Is mankind inherently evil? If murder was legal, would you kill someone? Is the letter of the law the only thing preventing carnage on a massive scale? James DeMonaco’s micro-budgeted horror thriller The Purge has a lot of big questions on its mind. What a shame that it’s never given the opportunity to answer them.
The Purge imagines America in 2022 as “a nation reborn.” Poverty and crime are at all-time lows because, for twelve hours a year, citizens are given carte blanche to kill, rob, rape, destroy, you name it, in the name of purging all of their most angry base instincts. It’s a neat concept, perhaps one that doesn’t completely hold up under close scrutiny (the impoverished and starving don’t feel hungry enough to steal any other time of the year?), but one that’s innovative nonetheless.
The film narrows its scope too much by focusing on the Sandins, a wealthy family living in an affluent suburb. James Sandin (Ethan Hawke) works as a home security developer, while his wife Mary (Lena Headey) deals with the difficult kids, Zoey (Adelaide Kane) and Charlie (Max Burkholder). They live an idyllic life, until the Purge starts, and stupid/innocent Charlie momentarily lifts the fortifications to allow a man running for his life into their home. As the man’s pursuers attempt to break into their home, the Sandins find themselves fighting for their lives, and the film begins to dissolve into horror-movie cliches.
Hawke clearly embraces his ‘action-hero’ role, and he pulls it off for the most part. His fight scenes are exciting and believable. Hawke lacks the physical presence of Liam Neeson, for one, but he succeeds in holding the audience’s attention. Headey is also well-cast, showing off a dramatic range typically reserved for higher-caliber movies than this. A psychotic Rhys Wakefield plays his small part well. No one else stays on screen long enough to make an impression.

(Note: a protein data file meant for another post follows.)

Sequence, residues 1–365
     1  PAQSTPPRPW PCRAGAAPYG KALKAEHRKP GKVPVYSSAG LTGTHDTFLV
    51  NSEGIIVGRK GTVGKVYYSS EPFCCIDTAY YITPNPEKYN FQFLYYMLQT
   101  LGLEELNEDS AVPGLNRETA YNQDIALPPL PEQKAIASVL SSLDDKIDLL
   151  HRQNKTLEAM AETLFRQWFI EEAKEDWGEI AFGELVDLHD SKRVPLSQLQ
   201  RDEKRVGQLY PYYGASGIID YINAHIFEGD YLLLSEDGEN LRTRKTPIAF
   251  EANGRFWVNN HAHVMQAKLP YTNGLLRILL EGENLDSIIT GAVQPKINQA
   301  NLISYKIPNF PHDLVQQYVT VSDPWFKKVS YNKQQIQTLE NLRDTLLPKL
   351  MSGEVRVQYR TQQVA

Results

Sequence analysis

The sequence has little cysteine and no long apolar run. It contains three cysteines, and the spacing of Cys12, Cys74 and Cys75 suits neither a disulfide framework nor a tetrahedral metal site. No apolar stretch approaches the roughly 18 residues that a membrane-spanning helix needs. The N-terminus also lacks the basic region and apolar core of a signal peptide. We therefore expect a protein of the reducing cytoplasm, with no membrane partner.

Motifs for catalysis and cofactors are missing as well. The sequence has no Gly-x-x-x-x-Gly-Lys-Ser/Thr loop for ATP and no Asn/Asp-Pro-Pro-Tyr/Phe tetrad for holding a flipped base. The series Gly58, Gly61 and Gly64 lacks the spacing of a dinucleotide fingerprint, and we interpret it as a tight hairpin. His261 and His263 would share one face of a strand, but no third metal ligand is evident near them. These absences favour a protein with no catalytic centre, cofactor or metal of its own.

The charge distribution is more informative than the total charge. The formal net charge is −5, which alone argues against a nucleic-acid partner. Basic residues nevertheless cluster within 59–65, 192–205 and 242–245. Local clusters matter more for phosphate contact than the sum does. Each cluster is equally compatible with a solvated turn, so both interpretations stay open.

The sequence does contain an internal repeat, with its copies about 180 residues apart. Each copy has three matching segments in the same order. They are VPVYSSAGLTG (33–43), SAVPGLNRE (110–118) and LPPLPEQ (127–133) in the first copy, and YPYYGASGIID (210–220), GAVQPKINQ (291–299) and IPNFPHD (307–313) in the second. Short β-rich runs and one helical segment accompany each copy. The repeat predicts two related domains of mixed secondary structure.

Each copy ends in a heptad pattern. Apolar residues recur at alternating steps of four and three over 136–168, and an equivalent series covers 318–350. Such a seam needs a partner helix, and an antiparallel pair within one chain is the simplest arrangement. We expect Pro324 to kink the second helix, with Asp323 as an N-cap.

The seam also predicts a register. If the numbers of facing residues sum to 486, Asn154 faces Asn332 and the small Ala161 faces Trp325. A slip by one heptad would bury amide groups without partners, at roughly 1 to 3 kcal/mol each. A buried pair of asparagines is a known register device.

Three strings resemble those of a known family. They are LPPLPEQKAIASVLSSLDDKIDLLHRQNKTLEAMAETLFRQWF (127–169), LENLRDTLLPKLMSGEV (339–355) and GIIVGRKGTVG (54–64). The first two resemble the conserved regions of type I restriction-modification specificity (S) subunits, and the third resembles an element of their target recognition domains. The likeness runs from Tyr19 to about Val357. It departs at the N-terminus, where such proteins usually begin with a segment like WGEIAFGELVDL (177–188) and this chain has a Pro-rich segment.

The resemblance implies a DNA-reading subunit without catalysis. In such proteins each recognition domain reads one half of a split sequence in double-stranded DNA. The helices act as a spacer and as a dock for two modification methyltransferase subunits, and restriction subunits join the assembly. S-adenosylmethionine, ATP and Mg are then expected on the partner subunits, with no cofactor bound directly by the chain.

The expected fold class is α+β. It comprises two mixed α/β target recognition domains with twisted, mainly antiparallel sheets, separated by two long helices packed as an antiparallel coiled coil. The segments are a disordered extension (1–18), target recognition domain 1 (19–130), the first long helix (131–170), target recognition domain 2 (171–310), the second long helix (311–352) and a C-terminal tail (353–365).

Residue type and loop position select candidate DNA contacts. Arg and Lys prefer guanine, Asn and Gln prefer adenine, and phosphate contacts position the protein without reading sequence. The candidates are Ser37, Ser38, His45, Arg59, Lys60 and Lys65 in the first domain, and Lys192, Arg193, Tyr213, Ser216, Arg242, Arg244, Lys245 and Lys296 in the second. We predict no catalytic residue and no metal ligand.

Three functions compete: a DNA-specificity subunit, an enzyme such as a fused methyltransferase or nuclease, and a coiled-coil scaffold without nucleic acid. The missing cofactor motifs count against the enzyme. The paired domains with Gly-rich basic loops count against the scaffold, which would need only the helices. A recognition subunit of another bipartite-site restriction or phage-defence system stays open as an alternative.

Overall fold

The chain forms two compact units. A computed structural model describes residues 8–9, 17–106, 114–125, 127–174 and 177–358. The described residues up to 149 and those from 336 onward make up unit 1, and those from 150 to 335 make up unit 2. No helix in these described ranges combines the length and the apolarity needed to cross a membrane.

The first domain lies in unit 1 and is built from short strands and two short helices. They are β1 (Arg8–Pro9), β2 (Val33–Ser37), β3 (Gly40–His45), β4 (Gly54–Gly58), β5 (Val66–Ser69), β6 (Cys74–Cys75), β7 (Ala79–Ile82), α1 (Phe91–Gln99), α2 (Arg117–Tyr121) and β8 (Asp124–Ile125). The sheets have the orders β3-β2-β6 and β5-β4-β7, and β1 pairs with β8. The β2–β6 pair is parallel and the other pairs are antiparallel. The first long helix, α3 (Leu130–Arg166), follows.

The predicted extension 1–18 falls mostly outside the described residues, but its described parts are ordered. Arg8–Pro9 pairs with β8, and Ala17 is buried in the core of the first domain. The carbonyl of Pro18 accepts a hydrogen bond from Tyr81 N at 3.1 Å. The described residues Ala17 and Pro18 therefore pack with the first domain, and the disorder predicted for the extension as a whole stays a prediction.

After its promising beginning, as DeMonaco showcases some of the horrific violence perpetrated during the Purge, the film becomes disappointingly bogged down by its plot, which refuses to allow The Purge to move past the home invasion subgenre to address its most compelling ideas.The film’s bigger themes are buried by ceaseless, senseless violence, frustratingly so.
Faceless baddies lunge from the shadows, blood spurts everywhere, there’s a predictable third-act twist, and none of it sticks after the credits roll. Inexplicably, the film’s only original aspect – its thought-provoking premise – is sidelined in favor of cheap, gory, toothless kicks. The audience gets few answers, and with a running time of only 85 minutes, The Purge is too slight to pull off the thoughtful social commentary it’s striving for.
The Purge is a serviceable home invasion thriller, but it gives hints that it could have been more. With such an intriguing central idea, it should have been much more. For a high-concept movie about a society reliant on heinous violence, The Purge is dismayingly tame. C+
Photo Courtesy: The Hollywood News.